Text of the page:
The P40 range still runs Android, as it’s an open source platform that anyone can make work for their needs. Huawei is using its own take on Android, running EMUI 10.1, which is based on Android 10. However just because it runs Android, doesn’t mean it has support from Google to do so, and as such, there’s no link to Google’s apps and services in the Play Store.
That does mean Android apps won’t run on the P40 and P40 Pro; rather, it means that Android apps can run, but you may have to get them through Huawei’s AppGallery app store, or something else, such as the Amazon app marketplace.
Huawei does include a conversion app that you can use to copy your existing phone data over with, and it will check the apps on your existing phone and provide ways to get them on the new Huawei phone if they exist, such as grabbing them directly through the website, one of the options available for some apps.
But some apps in Australia won’t run at all, thanks to their dependency on Google services, such as Google Maps. As such, Uber tends to not work at all, at least in our test on the Mate 30 Pro, thanks to its reliance on Google Maps, meaning both Uber and Uber Eats are likely out of action if you opt for the P40 Pro, as well as a bunch of other apps.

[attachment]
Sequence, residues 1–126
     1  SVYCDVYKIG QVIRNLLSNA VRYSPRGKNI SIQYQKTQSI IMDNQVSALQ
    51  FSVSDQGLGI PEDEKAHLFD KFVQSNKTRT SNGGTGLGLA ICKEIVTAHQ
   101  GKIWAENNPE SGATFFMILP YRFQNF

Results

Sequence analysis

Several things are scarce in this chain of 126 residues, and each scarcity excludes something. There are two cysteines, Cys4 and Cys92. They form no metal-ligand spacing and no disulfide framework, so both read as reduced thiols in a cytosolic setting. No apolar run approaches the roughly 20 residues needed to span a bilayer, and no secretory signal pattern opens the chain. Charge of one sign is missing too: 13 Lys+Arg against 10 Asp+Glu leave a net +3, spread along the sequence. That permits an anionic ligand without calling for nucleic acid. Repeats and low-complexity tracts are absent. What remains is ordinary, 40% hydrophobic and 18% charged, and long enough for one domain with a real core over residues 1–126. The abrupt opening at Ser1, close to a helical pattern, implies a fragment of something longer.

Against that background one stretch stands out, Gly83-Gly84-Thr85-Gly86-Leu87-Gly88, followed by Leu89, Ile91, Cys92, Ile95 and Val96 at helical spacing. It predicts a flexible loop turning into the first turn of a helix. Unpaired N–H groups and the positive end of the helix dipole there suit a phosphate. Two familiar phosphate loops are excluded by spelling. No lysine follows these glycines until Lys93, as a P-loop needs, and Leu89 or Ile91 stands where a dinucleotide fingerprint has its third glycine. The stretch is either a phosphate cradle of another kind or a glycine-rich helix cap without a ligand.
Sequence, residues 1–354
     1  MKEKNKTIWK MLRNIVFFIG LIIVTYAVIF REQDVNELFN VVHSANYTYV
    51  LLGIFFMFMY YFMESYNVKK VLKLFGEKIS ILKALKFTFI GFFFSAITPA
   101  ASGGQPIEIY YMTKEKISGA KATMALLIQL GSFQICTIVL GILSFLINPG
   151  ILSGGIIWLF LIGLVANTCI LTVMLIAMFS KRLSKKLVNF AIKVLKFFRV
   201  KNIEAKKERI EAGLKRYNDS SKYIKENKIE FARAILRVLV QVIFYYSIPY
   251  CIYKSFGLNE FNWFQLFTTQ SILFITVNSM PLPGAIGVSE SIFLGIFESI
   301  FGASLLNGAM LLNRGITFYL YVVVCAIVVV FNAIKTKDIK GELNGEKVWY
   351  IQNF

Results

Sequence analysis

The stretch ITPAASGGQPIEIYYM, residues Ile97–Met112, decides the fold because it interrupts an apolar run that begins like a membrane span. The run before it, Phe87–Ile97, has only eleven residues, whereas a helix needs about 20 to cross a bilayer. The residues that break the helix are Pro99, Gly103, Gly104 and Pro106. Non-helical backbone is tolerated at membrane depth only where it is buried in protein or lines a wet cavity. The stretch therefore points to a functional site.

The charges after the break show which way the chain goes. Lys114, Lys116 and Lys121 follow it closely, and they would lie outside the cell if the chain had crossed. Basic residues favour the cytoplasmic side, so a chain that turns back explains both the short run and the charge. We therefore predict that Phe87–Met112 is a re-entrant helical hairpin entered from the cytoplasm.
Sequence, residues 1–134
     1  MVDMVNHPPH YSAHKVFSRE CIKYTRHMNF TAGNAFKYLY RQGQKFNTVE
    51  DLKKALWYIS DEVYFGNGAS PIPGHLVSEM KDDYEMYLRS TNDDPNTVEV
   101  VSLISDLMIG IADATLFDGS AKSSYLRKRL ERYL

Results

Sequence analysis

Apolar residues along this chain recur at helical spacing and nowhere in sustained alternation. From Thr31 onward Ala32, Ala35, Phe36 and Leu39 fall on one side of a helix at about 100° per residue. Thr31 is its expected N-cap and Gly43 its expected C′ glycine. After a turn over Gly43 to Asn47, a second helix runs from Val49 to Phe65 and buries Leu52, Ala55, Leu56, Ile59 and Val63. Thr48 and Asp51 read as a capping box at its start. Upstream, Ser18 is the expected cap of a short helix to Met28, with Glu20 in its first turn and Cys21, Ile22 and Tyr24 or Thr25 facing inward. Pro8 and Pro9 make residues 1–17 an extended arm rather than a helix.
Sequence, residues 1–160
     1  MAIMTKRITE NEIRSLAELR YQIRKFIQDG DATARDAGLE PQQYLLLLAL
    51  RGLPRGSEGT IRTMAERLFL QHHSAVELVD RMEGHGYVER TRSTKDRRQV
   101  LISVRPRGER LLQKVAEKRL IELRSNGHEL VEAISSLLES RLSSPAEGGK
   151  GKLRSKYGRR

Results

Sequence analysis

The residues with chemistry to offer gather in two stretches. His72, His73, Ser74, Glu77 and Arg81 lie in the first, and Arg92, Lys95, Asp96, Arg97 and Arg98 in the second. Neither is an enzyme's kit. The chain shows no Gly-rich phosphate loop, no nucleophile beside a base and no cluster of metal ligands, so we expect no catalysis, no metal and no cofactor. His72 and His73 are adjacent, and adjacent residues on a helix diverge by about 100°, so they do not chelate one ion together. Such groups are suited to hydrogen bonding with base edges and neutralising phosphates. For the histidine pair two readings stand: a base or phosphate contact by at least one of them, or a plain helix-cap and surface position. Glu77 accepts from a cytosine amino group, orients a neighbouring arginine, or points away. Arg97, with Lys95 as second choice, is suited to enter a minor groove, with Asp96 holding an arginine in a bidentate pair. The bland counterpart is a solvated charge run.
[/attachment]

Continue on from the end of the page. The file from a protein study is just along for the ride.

Australian P40 and P40 Pro availability
If none of that is a concern, the good news is Australia will be seeing the P40 and P40 Pro, even if that P40 Pro+ is a no show.
While we wonder why that’s the case when Huawei could have just brought in the P40 and P40 Pro+ (because seriously, why wouldn’t you bring in the best of the bunch over the one that isn’t quite the best), Huawei has announced that both will be available at stores in Australia, as well as Huawei’s Authorised Chatswood Store.
As such, you can expect the Huawei P40 from there, plus Harvey Norman and Mobileciti priced at $1099, while the P40 Pro will see release at $1599 from JB HiFi and Officeworks alongside those other retailers. Pre-orders reportedly start now, with availability scheduled from April 16.